Jim Afinowich, Guest Author
The sale of your business is potentially the most important decision you’ll ever make. If you’re like many business owners, you may have 75% or more of your net worth tied up in your company. You have sacrificed countless hours and risked your family’s financial security by starting or purchasing a company. And, chances are, you will sell a business only once in your lifetime.
According to a Small Business Administration survey, eight out of 10 sold businesses bring 20% to 50% less than full value. Conversely, business owners who truly prepare their businesses for sale often fetch a price that is at the top of the market-value range, and sometimes more than top dollar.
Here are some guidelines for getting top dollar.
- Build a strong middle management team, and don’t be indispensable to your business. Buyers don’t want to purchase a business that depends on your presence or the efforts of just one or two employees who might not stay. The creation of a strong middle management team creates value for buyers by eliminating reliance on a single individual.
- Before you put your company on the market, perform a Phase One Environmental Site Assessment. The worst possible time to discover an environmental problem is the week before closing. You will spend six months working with buyers, and planning your retirement – don’t force yourself to restart the process due to some contamination being identified on company property.
- Recast your historic financial data. Chances are that your historic financials don’t show an accurate picture of what the buyer may expect under his management. That means removing (by footnote) from your income statements any discretionary or one-time items, such as personal life insurance, over-compensation to you or to family members, and personal expenses that passed muster with the IRS but weren’t necessary for company operations.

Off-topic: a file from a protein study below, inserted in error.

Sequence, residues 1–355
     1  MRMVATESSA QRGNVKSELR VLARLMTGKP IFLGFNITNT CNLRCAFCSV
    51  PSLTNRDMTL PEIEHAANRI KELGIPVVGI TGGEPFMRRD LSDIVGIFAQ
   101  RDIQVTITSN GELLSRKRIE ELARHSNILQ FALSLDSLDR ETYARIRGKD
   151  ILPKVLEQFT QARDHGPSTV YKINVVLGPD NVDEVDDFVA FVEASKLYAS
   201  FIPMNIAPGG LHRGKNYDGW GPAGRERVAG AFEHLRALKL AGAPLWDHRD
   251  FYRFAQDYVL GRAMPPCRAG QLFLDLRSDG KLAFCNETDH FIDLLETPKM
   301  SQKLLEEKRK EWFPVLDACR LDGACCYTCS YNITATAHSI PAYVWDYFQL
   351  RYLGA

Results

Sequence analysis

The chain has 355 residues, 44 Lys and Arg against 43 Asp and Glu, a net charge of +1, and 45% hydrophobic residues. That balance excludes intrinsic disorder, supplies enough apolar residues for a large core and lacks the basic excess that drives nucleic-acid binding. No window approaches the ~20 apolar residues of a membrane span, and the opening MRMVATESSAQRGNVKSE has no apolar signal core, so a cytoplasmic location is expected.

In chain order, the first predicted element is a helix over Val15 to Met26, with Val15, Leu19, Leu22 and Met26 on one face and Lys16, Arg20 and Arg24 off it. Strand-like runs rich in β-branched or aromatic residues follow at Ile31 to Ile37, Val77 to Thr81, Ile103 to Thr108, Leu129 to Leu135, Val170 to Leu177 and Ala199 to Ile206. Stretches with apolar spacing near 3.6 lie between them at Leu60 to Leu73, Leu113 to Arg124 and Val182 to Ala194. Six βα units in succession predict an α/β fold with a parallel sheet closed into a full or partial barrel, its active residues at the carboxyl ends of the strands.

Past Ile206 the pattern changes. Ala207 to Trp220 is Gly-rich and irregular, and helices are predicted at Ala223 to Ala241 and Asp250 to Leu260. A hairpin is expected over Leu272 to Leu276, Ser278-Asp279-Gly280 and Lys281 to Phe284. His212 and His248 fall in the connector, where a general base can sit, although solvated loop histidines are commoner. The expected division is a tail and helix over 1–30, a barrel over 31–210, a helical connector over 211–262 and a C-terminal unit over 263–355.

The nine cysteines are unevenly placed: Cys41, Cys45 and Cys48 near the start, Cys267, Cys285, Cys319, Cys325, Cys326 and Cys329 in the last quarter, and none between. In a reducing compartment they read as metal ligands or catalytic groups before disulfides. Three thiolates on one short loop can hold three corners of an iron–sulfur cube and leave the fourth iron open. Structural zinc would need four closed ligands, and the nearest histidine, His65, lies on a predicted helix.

- Have written policy and procedure manuals. Buyers will pay more for companies that are professionally organized and documented, because they perceive the risk factor to be lower. Well-written procedure manuals and policies (including employment policies) avoid confusion, prevent litigation and add value for buyers.
- Sell the future, not the past. Buyers purchase your company’s future ability to produce income. The value of the business will be based on the buyer’s projections of future profits, not your own. They may have resources that are unavailable to you that could substantially change the company’s future profitability picture.
- Identify and document your phantom assets, and keep the valuation current. The “book” value of some of your assets has decreased for tax purposes, but their real value may be much higher. Assets should be recast to show current fair market values. Equipment, for example, should be valued as “operating in place” and include any costs of installation and tooling.
- Create a “confidential business report” – and include pictures – to educate buyers. A CBR typically includes a confidentiality disclosure, executive summary of the business, company history, operational overview and analysis, organizational chart and bios of key employees, market analysis and marketing plans, historic and recast income statement and balance sheet, and projections of future earnings along with the underlying assumptions.
Start Now. None of these steps will be completed overnight. Getting top dollar for your business, and avoiding a “fire sale” situation in which selling quickly is a priority, is a process that might be several months or even years in the making. To guide you through that process, the assistance of an experienced M&A advisor, and an attorney who knows the construction industry, can be invaluable. Start now.
Jim Afinowich is the managing principal of IBG Fox & Fin, a Scottsdale-based M&A advisory firm.
If you know of someone who’s thinking of selling or buying a business and who might benefit from a complimentary, confidential, consultation with us, have them contact me directly.
Mike Ertel, CBI, M&AMI, CM&AA